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C R Dash

Abstract Inspirational Others


C R Dash

Abstract Inspirational Others

The Great Pandit

The Great Pandit

6 mins 201 6 mins 201

The learned pandit Janardan Mishra was known for his deep learning and erudition and for his proud showy conduct. But he was in reality a very poor Brahmin. Old and aged, he still didn't desist from his irritating habit of giving good advice to people around him. People in his own village Rajipur thought the old man was crazy and being himself poor, he was naturally inclined to eulogise poverty in flowery words. Old Jania, as he was called usually, had some strange habits like sometimes not brushing his teeth for days together, never using soap to clean his body and again sometimes eating heaps of food and sometimes not at all touching food for two or three days. We were then at the High School and loved to tease him. We were sure he was mad. He abused people like Charles Darwin, Issac Newton and Einstein and said they had all wasted their most priceless lives. Everyone indifferent to God and spirituality had wasted their lives as human beings. He and his wife aunt Savitree quarreled every day and everyone held the pandit responsible for that. On many an occasion, he was reported to have beaten his old stubborn wife who thought she alone possessed every kind of knowledge about the world and beyond that too.  

Father often said about them: "Poverty is the only reason why they are always fighting. If a mature man like him wastes his time giving moral lectures to people, the results are bound to be disastrous for a family. . . " Everybody seemed to think the crotchety old man should mind his own business. The pandit's two sons Ravi and Abhi who were twins were good students. The elderly villagers said if the old man employed a tutor for them they would surely excel in their studies and outshine their rich classmates. They were in fact two jewels. But the old-fashioned pandit strongly opposed what the two boys were doing. He wanted to employ them somewhere so that they might earn their own livelihood. How the poor pandit's two sons with the meagre financial support from their maternal uncle who was a petty businessman, managed to become two first class post-graduates in Economics always remained a mystery. With the passage of time the two brothers began to soar higher and higher in their chosen career teaching. A time came and fortune sided with them and they became two prominent professors in two famous universities in the USA. They had plenty of respect for their father who was considered cruel, harsh and uncaring. He had no reaction when both got married to two Indian girls settled in the USA.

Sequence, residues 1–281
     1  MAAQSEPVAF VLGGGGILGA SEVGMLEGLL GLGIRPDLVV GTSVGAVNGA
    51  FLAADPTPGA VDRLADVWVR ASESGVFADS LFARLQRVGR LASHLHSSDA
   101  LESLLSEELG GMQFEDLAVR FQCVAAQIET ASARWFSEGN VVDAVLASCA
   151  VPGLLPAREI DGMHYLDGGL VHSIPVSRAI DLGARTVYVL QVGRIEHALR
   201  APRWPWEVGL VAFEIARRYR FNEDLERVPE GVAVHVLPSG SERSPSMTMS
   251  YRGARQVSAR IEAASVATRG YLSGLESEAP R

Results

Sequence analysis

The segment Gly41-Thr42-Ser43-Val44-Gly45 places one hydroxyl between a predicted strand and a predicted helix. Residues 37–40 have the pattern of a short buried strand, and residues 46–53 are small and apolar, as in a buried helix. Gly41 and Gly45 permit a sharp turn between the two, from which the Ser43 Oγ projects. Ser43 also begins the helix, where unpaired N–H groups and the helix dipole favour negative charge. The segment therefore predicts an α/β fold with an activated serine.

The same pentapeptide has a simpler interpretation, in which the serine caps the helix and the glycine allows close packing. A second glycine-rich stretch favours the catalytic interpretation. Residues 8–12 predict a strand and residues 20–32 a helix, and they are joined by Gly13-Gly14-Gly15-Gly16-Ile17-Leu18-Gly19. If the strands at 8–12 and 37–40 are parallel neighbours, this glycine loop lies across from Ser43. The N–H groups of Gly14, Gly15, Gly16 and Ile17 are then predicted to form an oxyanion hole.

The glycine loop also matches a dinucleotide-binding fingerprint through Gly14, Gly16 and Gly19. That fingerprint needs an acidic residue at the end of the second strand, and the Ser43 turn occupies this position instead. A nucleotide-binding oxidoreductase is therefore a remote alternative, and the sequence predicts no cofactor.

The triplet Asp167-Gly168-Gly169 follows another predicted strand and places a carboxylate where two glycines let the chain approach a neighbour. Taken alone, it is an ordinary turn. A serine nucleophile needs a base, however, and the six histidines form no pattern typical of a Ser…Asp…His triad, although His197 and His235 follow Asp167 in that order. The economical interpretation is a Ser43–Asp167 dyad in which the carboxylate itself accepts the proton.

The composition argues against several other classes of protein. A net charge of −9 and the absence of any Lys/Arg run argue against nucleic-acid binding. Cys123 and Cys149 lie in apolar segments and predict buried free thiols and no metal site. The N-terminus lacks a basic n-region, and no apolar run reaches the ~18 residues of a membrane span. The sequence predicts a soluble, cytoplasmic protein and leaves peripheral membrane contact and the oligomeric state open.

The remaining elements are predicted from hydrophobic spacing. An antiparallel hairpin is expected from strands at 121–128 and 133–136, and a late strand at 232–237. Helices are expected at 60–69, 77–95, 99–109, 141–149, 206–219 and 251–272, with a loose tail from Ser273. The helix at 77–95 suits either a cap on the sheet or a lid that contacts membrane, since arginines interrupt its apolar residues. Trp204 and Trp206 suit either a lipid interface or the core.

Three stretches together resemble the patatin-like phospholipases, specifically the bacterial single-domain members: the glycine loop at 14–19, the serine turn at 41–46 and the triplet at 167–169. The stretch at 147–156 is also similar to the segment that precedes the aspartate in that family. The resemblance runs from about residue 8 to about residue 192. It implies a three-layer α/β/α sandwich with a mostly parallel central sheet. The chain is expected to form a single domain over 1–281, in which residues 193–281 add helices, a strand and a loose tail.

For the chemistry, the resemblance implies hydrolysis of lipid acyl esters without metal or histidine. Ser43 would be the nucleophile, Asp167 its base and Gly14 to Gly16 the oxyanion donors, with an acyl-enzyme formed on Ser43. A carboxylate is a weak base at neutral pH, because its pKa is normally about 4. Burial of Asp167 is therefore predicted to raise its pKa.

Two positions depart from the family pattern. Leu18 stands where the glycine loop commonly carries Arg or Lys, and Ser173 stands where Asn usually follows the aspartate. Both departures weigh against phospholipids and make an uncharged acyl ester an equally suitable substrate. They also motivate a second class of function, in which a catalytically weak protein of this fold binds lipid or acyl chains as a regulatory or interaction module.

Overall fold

The girls were not from Brahmin families and the callous old pandit who appeared so conservative 

and irrational didn't react at all. This was a matter of endless wonderment and deliberation amongst the people in Rajipur and the neighboring areas. We heard that the professors had sent a huge amount of money in lakhs so that their father might build a magnificent building in the village. Later Jania Nana told my father that the news was true but there was no sign of happiness or excitement in his eyes. That kind of oddity of the pandit left us puzzled. That he was dying for money earlier and advised people to donate to charity for his own benefits seemed completely wrong now. What a strange fellow. . ?

Now the eccentric Nana's wife Savitree kept shedding silent tears. She wanted to live in a very nice house. She also wanted that they should have good utensils. She didn't like the thatched house in which they lived. Now the quarrels became more frequent. She would say to her old man, "Why are you so rigid about spending